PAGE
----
Document Detail


Long-term effects nasal continuous positive airway pressure on daytime sleepiness, mood and traffic accidents in patients with obstructive sleep apnoea.
MedLine Citation:
PMID:  10714485     Owner:  NLM     Status:  MEDLINE    
Abstract/OtherAbstract:
To describe the long-term effects of nasal continuous positive airway pressure (CPAP) on the rate of traffic car accidents, excessive daytime sleepiness (EDS) and mood in patients with obstructive sleep apnoea syndrome (OSAS), we investigated the changes of these parameters before and after nasal CPAP treatment using a questionnaire. Seventy-five male patients who were diagnosed with severe OSAS by polysomnography were evaluated for driving competence, by looking at their driving history for 2 yr, for EDS by the Epwarth Sleepiness Scale (ESS) and for mood by the Self-related Depression Scale (SDS), and then underwent nasal CPAP treatment. After 2 yr of treatment, questionnaires inquiring about the patients' use of CPAP, their ESS, SDS and driving history during treatment were sent to the patients. A total of 47 patients (63%) responded to these questionnaires. Forty-six of the 47 responders had continued to use the nasal CPAP and completed the questionnaire. No traffic car accidents were observed among the 39 routine car users during treatment, while 13 of 39 patients (33%) had had car accidents before treatment. Although near-miss accidents had been reported by 32 of 39 patients (82%) before treatment, only four patients reported near-miss accidents during nasal CPAP treatment. The mean score of ESS was significantly (P<0.01) reduced in 46 patients after nasal CPAP. The mean score of SDS was also decreased (P<0.01) after nasal CPAP in 46 patients. Although 26 of 41 patients had been depressive on SDS before treatment, the mood was improved in 13 patients after nasal CPAP. These results suggest that long-term nasal CPAP treatment reduces the rate of traffic car accidents and improves the EDS and the mood in patients with OSAS.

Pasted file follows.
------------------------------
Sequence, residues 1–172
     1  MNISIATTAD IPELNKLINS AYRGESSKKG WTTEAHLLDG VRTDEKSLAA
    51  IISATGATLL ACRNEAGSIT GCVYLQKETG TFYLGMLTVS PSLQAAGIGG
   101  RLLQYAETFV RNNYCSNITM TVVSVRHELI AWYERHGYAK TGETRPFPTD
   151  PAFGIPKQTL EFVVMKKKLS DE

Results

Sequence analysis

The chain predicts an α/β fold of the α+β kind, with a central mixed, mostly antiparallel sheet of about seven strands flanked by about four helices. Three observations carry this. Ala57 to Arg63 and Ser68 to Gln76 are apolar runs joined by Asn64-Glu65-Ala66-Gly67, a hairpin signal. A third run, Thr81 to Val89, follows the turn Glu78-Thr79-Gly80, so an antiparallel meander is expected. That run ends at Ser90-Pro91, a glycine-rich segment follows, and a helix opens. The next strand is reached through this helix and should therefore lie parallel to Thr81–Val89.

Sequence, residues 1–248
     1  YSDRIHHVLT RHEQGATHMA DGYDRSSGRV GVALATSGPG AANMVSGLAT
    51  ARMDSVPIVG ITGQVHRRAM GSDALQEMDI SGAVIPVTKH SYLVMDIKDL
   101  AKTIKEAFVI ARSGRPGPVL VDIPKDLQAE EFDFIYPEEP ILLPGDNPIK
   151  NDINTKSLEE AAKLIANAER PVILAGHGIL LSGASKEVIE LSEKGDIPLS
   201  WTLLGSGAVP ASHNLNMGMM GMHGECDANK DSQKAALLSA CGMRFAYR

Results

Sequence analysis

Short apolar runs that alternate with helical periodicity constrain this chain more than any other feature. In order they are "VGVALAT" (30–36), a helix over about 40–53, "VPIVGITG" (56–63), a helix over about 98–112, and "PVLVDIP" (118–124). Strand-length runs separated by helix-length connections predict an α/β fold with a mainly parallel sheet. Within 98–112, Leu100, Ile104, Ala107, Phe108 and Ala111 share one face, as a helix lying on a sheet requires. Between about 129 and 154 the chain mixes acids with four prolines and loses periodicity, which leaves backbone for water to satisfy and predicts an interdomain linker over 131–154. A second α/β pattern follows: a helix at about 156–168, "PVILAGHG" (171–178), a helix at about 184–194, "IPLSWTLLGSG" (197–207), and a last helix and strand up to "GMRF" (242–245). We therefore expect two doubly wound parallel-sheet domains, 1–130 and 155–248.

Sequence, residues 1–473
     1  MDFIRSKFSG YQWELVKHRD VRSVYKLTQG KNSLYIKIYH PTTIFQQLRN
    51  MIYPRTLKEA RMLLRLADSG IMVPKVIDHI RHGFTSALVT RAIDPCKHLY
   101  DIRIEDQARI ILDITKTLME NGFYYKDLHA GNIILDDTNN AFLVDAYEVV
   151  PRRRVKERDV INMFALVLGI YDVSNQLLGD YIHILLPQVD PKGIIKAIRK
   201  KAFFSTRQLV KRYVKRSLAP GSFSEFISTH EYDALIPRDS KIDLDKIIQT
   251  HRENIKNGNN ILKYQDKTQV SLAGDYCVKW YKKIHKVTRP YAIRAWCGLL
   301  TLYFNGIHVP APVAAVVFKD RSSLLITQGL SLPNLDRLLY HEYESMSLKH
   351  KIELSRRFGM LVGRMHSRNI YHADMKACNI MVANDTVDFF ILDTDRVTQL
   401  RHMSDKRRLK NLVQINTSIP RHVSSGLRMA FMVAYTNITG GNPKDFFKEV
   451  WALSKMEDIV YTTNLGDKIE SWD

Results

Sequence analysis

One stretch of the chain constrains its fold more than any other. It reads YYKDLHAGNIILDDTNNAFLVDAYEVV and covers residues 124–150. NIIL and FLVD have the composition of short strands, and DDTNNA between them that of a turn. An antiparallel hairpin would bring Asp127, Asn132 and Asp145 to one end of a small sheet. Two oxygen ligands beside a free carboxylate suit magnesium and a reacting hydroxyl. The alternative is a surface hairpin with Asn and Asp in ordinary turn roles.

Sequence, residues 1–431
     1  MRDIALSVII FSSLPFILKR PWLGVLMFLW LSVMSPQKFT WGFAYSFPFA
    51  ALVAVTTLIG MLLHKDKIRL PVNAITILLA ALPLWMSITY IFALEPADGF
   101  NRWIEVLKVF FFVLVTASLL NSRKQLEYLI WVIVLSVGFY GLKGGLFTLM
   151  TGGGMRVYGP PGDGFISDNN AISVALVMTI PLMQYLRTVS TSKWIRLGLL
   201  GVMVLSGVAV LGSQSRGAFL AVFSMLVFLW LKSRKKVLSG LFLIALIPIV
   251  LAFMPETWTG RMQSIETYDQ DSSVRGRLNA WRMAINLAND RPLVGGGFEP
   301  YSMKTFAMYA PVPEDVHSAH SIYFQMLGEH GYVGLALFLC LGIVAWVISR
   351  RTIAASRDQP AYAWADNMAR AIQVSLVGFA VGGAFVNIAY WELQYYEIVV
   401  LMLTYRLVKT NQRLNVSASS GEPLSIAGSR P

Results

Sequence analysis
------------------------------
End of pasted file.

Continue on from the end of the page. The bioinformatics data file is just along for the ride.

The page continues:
Authors:
H Yamamoto; T Akashiba; N Kosaka; D Ito; T Horie
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Publication Detail:
Type:  Journal Article    
Journal Detail:
Title:  Respiratory medicine     Volume:  94     ISSN:  0954-6111     ISO Abbreviation:  Respir Med     Publication Date:  2000 Jan 
Date Detail:
Created Date:  2000-05-02     Completed Date:  2000-05-02     Revised Date:  2004-11-17    
Medline Journal Info:
Nlm Unique ID:  8908438     Medline TA:  Respir Med     Country:  ENGLAND    
Other Details:
Languages:  eng     Pagination:  87-90     Citation Subset:  IM    
Affiliation:
First Department of Internal Medicine, Nihon University School of Medicine, Tokyo, Japan.
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MeSH Terms
Descriptor/Qualifier:
Accidents, Traffic*
Humans
Long-Term Care
Male
Middle Aged
Mood Disorders / etiology*
Positive-Pressure Respiration / methods*
Sleep Apnea Syndromes / complications,  therapy*
Sleep Disorders / etiology*

From MEDLINE®/PubMed®, a database of the U.S. National Library of Medicine


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